{
            switch (ViewStateMode)
            {
                case ViewStateConfig.Session:
                    //Since the session isn't always availible, we had better make sure we
                    //do something sensible
                    if (this.Session.Mode != SessionStateMode.Off)
                    {
                        this.SaveToSession(state);
                    }
                    else
                    {
                        this.CompressViewstate(state);
                    }
                    break;
                case ViewStateConfig.Compress:
                    this.CompressViewstate(state);
                    break;
                default:
                    base.SavePageStateToPersistenceMedium(state);
                    break;
            }
        }

        protected override object LoadPageStateFromPersistenceMedium()
        {
            switch (ViewStateMode)
            {
                case ViewStateConfig.Session:
                    if (this.Session.Mode != SessionStateMode.Off)
                    {
                        return this.LoadFromSession();
                    }
                    else
                    {
                        return this.DecompressViewstate();
                    }
                case ViewStateConfig.Compress:
                    return this.DecompressViewstate();
                default:
                    return base.LoadPageStateFromPersistenceMedium();
            }
        }

        private void SaveToSession(object state)
        {
            //First lets see if there is already a session id availible to us
            string viewStateSessionId = base.Request.Form[ViewStateSessionId];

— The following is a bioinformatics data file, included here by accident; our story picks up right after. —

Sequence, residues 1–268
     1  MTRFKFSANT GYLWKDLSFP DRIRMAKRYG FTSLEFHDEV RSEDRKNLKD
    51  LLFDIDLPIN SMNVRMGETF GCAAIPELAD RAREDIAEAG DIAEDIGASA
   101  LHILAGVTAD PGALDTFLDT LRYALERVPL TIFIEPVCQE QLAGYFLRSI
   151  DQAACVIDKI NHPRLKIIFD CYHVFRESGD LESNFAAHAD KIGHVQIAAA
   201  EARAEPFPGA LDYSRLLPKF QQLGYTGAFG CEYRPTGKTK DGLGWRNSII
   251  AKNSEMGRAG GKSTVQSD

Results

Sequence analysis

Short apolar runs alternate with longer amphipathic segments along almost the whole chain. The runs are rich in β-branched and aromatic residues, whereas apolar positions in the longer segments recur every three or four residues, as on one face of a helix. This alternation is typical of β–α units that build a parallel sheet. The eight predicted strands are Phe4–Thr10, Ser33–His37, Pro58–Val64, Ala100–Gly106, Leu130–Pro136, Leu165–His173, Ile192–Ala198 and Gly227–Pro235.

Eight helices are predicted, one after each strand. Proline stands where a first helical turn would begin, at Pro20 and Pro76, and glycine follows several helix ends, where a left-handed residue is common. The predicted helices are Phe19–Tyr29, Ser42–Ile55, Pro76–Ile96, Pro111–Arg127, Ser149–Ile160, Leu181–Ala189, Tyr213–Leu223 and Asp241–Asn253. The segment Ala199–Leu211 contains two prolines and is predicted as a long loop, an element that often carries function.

if(string.IsNullOrEmpty(viewStateSessionId))
            {
                //If there isn't then we'll be needing one.
                viewStateSessionId = Guid.NewGuid().ToString();
            }

            //Save the data into our session object
            Session[viewStateSessionId] = state;

            //Lastly we save the sessionid for when the page is loaded.
            ScriptManager.RegisterHiddenField(this, ViewStateSessionId, viewStateSessionId);
        }

        private object LoadFromSession()
        {
            return Session[base.Request.Form[ViewStateSessionId]];
        }

        private void CompressViewstate(object state)
        {
            //The ObjectStateFormatter is explicitly for serializing
            //viewstate, if you're using .net 1.1 then use the LosFormatter

            //First off, lest gets the state in a byte[]
            ObjectStateFormatter formatter = new ObjectStateFormatter();
            byte[] bytes;
            using (MemoryStream writer = new MemoryStream())
            {
                formatter.Serialize(writer, state);
                bytes = writer.ToArray();
            }

            //Now we've got the raw data, lets squish the whole thing
            using (MemoryStream output = new MemoryStream())
            {
                using (DeflateStream compressStream = new DeflateStream(output, CompressionMode.Compress, true))
                {
                    compressStream.Write(bytes, 0, bytes.Length);
                }

                //OK, now lets store the compressed data in a hidden field.
                ScriptManager.RegisterHiddenField(this, CompressedViewStateId, Convert.ToBase64String(output.ToArray()));
            }
        }

        private object DecompressViewstate()
        {
            //First lets get ths raw compressed string into a byte[]
            byte[] bytes = Convert.FromBase64String(Request.Form[CompressedViewStateId]);

            using (MemoryStream input = new MemoryStream(bytes))
            {
                //Now push the compressed data into the decompression stream
                using (DeflateStream decompressStream = new DeflateStream(input, CompressionMode.Decompress, true))
                {
                    using (MemoryStream output = new MemoryStream())
                    {
                        //Now we wip through the decompression stream and pull our data back out
                        byte[] buffer = new byte[256];
                        int data;
                        while ((data = decompressStream.Read(buffer, 0, buffer.Length)) > 0)
                        {
                            output.Write(buffer, 0, data);
                        }

                        //Finally we convert the whole lot back into a string and convert it
                        //back into it's original object.
                        ObjectStateFormatter formatter = new ObjectStateFormatter();
                        return formatter.Deserialize(Convert.ToBase64String(output.ToArray()));
                    }
                }
            }
        }
    }
}